A cold, tempting pint at the 2015 Killarney Beer Festival. Image by Beoir Ireland / CC BY 2.0

At the end of May, as spring slips into summer, you can slake your thirst at the Killarney Beerfest ( where a wide range of craft breweries (plus whiskey and gin distillers) compete for awards while you sip your artisan stout to the accompaniment of live local bands.


Speaking of local bands, springtime sees a flurry of music festivals all across the country. Held towards the end of May, the week-long Fleadh Nua ( in Ennis, County Clare, is the grandaddy of Irish music events, established in Dublin in 1970, and packs the streets of this pretty country town with concerts, recitals, album launches and country dancing competitions.

Meanwhile, the Féile Neidín ( is the new kid on the block, founded in 2013 and rapidly becoming one of Ireland’s best festivals of traditional music. Visitors from all over the world descend on the lovely heritage town of Kenmare in County Kerry over the first weekend in April to enjoy a programme that includes trad sessions, ceilis, workshops, masterclasses and musical cruises around Kenmare Bay.

Prime events around the May bank holiday weekend (April 30 through May 2, 2016) include the City of Derry Jazz Festival ( in Northern Ireland, and Kilkenny Roots ( in the southeast, with line-ups reflecting the best of jazz, blues, country and folk from both sides of the Atlantic, plus the Cork International Choral Festival ( which sees the city fill with choirs from all over Europe.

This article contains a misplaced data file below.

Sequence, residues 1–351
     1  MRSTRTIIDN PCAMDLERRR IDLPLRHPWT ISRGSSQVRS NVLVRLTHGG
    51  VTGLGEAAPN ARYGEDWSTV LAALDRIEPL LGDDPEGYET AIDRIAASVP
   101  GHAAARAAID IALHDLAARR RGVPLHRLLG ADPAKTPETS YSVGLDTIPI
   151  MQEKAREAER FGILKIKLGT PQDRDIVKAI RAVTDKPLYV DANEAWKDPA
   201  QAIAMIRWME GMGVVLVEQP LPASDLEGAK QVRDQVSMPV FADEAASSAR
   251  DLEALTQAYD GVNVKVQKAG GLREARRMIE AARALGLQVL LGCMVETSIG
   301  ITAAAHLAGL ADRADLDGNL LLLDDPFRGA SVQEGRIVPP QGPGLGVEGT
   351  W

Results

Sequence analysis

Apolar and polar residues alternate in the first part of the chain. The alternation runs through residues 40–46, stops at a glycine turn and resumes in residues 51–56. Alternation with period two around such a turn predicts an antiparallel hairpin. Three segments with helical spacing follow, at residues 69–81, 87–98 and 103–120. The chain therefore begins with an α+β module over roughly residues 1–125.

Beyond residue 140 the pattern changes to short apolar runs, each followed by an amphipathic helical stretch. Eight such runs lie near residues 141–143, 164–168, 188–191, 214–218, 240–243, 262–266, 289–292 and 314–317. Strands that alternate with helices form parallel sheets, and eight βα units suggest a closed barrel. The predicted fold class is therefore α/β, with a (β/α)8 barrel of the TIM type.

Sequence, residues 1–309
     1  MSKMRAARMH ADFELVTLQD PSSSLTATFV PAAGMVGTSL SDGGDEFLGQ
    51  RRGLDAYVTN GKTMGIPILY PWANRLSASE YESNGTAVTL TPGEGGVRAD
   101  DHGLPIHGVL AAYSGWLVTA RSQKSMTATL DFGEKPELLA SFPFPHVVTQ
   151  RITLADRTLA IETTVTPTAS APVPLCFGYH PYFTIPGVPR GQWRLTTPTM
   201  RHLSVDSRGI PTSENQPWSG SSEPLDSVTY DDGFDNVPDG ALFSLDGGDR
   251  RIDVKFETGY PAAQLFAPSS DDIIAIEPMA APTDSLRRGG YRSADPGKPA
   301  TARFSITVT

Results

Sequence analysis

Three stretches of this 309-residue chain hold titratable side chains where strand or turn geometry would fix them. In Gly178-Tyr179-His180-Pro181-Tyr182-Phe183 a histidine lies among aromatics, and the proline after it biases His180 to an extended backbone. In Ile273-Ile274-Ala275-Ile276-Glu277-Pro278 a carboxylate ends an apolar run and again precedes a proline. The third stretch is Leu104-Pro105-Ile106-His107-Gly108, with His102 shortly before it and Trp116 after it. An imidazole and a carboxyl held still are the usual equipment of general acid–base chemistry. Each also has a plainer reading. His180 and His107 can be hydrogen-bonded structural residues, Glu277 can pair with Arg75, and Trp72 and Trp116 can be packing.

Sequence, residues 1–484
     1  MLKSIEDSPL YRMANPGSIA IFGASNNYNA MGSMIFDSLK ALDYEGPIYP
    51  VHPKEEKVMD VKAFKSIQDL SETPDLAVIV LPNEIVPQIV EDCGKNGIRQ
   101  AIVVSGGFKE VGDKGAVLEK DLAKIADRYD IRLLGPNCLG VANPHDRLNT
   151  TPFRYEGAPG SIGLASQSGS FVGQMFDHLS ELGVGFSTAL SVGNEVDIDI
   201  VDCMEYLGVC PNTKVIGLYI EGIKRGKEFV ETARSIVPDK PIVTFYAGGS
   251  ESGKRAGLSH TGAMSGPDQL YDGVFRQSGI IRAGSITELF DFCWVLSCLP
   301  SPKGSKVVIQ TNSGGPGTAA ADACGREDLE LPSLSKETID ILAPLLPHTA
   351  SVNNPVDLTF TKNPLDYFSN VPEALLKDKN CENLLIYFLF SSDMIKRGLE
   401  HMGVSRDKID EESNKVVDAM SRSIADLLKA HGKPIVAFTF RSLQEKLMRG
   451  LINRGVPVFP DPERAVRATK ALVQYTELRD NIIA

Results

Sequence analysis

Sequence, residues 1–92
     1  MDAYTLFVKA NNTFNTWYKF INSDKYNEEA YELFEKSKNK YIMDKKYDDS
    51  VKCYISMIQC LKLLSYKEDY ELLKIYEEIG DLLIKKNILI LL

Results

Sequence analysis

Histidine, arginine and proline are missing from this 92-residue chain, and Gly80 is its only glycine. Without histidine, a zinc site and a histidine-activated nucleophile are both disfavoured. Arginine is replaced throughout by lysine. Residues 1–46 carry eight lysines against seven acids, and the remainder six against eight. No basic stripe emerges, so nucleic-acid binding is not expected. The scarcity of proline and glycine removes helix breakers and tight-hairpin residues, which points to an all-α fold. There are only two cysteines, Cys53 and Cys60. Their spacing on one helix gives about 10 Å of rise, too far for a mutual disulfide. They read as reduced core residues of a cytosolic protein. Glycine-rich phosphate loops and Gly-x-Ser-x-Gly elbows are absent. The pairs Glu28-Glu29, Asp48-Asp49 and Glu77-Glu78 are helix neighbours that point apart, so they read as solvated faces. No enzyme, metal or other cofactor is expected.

If you’re into more intimate trad music sessions in cosy country pubs, take a look at the Cup of Tae Festival ( in the scenic setting of Ardara, County Donegal, or the Cuckoo Festival (Fleadh na gCuach; in picturesque Kinvara, County Galway, both held in early May.

A crowd of over 60,000 revelers attends the Cathedral Quarter Arts Festival. Image by David in Lisburn / CC BY 2.0

Arts & Culture

Belfast’s Cathedral Quarter Arts Festival ( in late April/early May is one of Ireland’s biggest and most eclectic arts festivals, enlivening the city with 60,000 visitors and staging events that range from standup comedy and performance poetry to literary readings and experimental theatre. Running concurrently is the Festival of Fools (, Belfast’s annual celebration of street entertainment with acts converging from all over Europe.